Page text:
Srinagar: 'Might is right' seems to be the rule of the game as relief distribution in flood-affected areas of Kashmir has been hit by chaos due to lack of civil administration on ground.

Scuffles between various groups of flood victims have been witnessed in Mehjoor Nagar, Rambagh, Jawahar Nagar and some other areas of the city over rice bags and other material being brought by relief trucks.

"This has become a norm now. The stronger people get majority of the relief material while the weaker persons get a trickle," Naseema, an elderly lady, told PTI at Mehjoor Nagar.

Jammu and Kashmir floods
Jammu and Kashmir flood affected areas

Various Sikh families taking refuge in the Gurudwara Shaheed Bunga at Barzulla Bagat have alleged large-scale
irregularities in relief distribution by the Gurudwara management here.

"While various Sikh organisations from across the country are sending relief material and financial aid to be distributed amongst the flood victims, the management here has failed to deliver it to the actual flood victims" Preetam Kaur, whose house was submerged in floods in Allochi Bagh locality of Srinagar, said.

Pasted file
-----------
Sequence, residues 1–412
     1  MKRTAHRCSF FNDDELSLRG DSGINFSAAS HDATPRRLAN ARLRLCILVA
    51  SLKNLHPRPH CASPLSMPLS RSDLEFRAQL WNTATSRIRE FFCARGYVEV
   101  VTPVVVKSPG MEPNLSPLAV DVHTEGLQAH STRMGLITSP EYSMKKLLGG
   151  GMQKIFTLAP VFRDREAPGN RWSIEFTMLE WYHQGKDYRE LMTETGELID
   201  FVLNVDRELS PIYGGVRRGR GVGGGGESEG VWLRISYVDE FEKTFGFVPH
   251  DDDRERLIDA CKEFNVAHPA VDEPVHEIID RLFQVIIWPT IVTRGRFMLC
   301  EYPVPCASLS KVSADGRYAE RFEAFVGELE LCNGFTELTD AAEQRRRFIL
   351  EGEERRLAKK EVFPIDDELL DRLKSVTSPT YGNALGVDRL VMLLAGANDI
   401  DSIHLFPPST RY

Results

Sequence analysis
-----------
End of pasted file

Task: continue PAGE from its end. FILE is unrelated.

She alleged that the relief material sent by various Sikh organisations was being dumped in the houses of the office
bearers of the Gurudwara committee and those of their relatives. "To monitor and keep a check on irregularities, some members of our team will stay here in the Gurudwara to monitor the distribution of the relief being sent by Delhi Sikh Gurudwara Management Committee (DGMC)," Paramjeet Singh Chandok, a member DGMC, said.

While some local mohalla committees succeeded in orderly distribution of relief material, most of the places witnessed chaotic scenes. "We have a group of volunteers who have been at the forefront of rescue mission right from day one of the floods in Srinagar. We have entrusted the relief distribution to them and it has been a smooth sailing," Ghulam Mohammad, a resident of Barzulla, said.

The state government has also directed the employees of various departments to report for work but, so far, it has not been able to mobilize them in the numbers required to meet such a huge challenge. The authorities are issuing regular messages on radio to report for work so that the relief work can be expedited.

Meanwhile, Union Home Secretary Anil Goswami has been monitoring and coordinating relief and rescue work in flood-ravaged Kashmir Valley for the last six days, operating from his makeshift office at Srinagar's Technical Airport.

Goswami, a 1978 batch IAS officer from Jammu and Kashmir Cadre, has been holding dozen-odd meetings with officials of Army, Indian Air Force and state government about the ongoing relief and rescue work.